Archive for October, 2012

A Short Dive Into Coffee Maker History

Most people are in love with coffee. There’s something comforting when you smell freshly brewed coffee in the morning.

Ancient Beginnings

Coffee originated from the Sub-Saharan region in Africa. Originally, the green coffee berries where chewed and sometimes mixed with animal fat. A quick energy boosting snack at the time. Based on history that was around 300 AD. Around 500 AD Arabian traders brought the coffee bean to the Arabian Peninsula. The first coffee houses were established around 600 AD in Cairo and Mecca.

Coffee Making History

Coffee Making History

In those early days of coffee making the green coffee beans were taken as a whole together with some leaves and steeped in water. The result was a rather weak tea. In the 1100’s folks in Arabia found out that roasting the green beans over fire and then grinding the roasted beans resulted in a much stronger and more flavorful beverage. This was a true breakthrough in coffee making which we all should be thankful for!

Turkish Coffee

Shortly after this the first coffee making devices were invented. They consisted of a metal pot with a long handle. These devices were called an Ibrik. Ground coffee was mixed with water and brought to a boil. After it boiled the beverage was poured into a cup. Even today you can find the Ibrik still being used in the Middle East. Most know the beverage that’s brewed with them today as “Turkish Coffee”. This is not that much different from the coffee the settlers and cowboys brewed in the west many years ago except that Turkish Coffee includes a hint of cardamom in addition to sugar.

This new standard in coffee making ensured the successful transition from a weak tea to the beloved coffee as we drink it today. Its popularity exploded in the Middle East and Turkey at those times. The Turkish society at that time embraced coffee and it became an essential part of the daily life in Turkey. It lead to a law that was established in the mid 1400’s that it would be a reason for divorce if a husband wouldn’t provide his wife with her daily quote of coffee.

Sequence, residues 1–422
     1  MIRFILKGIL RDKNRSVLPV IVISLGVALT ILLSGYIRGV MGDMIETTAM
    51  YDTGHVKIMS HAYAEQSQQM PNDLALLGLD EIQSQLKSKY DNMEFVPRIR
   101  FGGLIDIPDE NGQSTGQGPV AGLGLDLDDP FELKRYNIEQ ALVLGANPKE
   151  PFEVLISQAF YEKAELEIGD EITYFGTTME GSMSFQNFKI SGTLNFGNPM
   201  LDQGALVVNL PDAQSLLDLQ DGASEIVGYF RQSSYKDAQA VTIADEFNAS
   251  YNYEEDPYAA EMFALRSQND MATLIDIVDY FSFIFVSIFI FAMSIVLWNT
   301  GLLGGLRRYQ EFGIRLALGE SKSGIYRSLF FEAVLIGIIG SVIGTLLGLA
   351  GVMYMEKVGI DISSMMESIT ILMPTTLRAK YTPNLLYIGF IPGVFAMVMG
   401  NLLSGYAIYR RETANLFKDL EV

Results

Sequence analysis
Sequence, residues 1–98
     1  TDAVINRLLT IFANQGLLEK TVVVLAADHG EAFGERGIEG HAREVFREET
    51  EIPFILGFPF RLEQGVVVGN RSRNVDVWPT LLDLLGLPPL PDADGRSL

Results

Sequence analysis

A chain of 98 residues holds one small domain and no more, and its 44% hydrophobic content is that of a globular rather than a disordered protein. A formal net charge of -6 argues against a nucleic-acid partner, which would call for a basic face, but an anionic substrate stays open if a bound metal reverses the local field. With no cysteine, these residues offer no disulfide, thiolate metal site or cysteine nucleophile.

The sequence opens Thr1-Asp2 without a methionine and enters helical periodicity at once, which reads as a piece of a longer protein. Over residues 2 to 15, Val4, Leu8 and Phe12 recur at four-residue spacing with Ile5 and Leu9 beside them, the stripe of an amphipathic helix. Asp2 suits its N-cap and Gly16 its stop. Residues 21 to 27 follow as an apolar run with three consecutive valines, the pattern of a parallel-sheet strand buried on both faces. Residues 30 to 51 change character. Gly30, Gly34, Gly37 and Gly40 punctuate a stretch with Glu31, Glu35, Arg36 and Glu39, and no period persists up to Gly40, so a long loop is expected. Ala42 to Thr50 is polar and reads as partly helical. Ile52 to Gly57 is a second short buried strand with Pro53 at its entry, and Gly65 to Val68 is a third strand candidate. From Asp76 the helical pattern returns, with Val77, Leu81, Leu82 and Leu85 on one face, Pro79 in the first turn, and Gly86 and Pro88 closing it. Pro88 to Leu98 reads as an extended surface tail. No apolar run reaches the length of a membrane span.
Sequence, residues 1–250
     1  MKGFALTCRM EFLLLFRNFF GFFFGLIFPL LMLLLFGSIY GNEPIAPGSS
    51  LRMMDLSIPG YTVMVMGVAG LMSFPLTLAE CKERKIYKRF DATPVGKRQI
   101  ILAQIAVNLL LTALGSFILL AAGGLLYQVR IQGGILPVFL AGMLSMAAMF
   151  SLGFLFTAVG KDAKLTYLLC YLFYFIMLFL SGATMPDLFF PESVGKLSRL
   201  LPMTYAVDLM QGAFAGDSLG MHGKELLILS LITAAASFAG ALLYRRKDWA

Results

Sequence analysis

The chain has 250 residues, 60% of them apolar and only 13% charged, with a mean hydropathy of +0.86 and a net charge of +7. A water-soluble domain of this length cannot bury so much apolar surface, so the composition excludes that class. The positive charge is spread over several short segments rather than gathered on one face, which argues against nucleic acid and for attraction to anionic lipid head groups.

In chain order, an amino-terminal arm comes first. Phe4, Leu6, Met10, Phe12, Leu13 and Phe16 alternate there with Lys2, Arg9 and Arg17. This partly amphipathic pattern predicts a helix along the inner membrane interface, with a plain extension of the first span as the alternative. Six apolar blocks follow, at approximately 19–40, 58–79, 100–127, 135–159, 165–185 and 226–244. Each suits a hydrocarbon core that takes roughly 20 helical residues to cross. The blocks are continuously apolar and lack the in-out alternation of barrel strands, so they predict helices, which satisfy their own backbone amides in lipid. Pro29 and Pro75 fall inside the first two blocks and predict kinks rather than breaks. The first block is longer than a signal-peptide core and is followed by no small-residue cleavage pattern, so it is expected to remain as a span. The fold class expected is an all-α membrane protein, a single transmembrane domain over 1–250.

Coffee coming to Europe

Coffee was finally introduced to Europe in the 1600’s. Italian traders brought the coffee to Europe via Venice. At that time the Catholic priests thought that this “Muslim drink” was “Satan’s gift”. There was even a petition to the pope to ban coffee. Luckily, Pope Clemente VIII, wanted to taste the drink before banning it. He liked the taste and there was no ban on the beverage. This started the increase of popularity of coffee throughout Europe.

Coffee coming to America

The first time coffee made it to America was 1607 on board the ship of John Smith, the founder of Jamestown in Virginia. At that time the coffee had to be imported from England. It was the roasted and ground in the colonies. The roasting technique at the time had evolved into a metal drum which was rotated over a wood fire. The grinding had to be performed with one of the various types of hand crank grinders like you can still see them in the museums.

In the 1700’s the coffee plant made its way to the East and West Indies and through the Caribbean Basin and Central and South America. Even though the popularity of coffee and of harvesting coffee rose during those years, there were no major improvements when it comes to coffee making and roasting for a long time. Roasting had to be done regionally as the shelf life of coffee rapidly decreases once it’s roasted. Due to the lack of being able to transport anything quickly and efficiently over long distances the roasting was done locally and close to the time that the coffee actually was consumed. Coffee at that time often was sold unroasted in bags.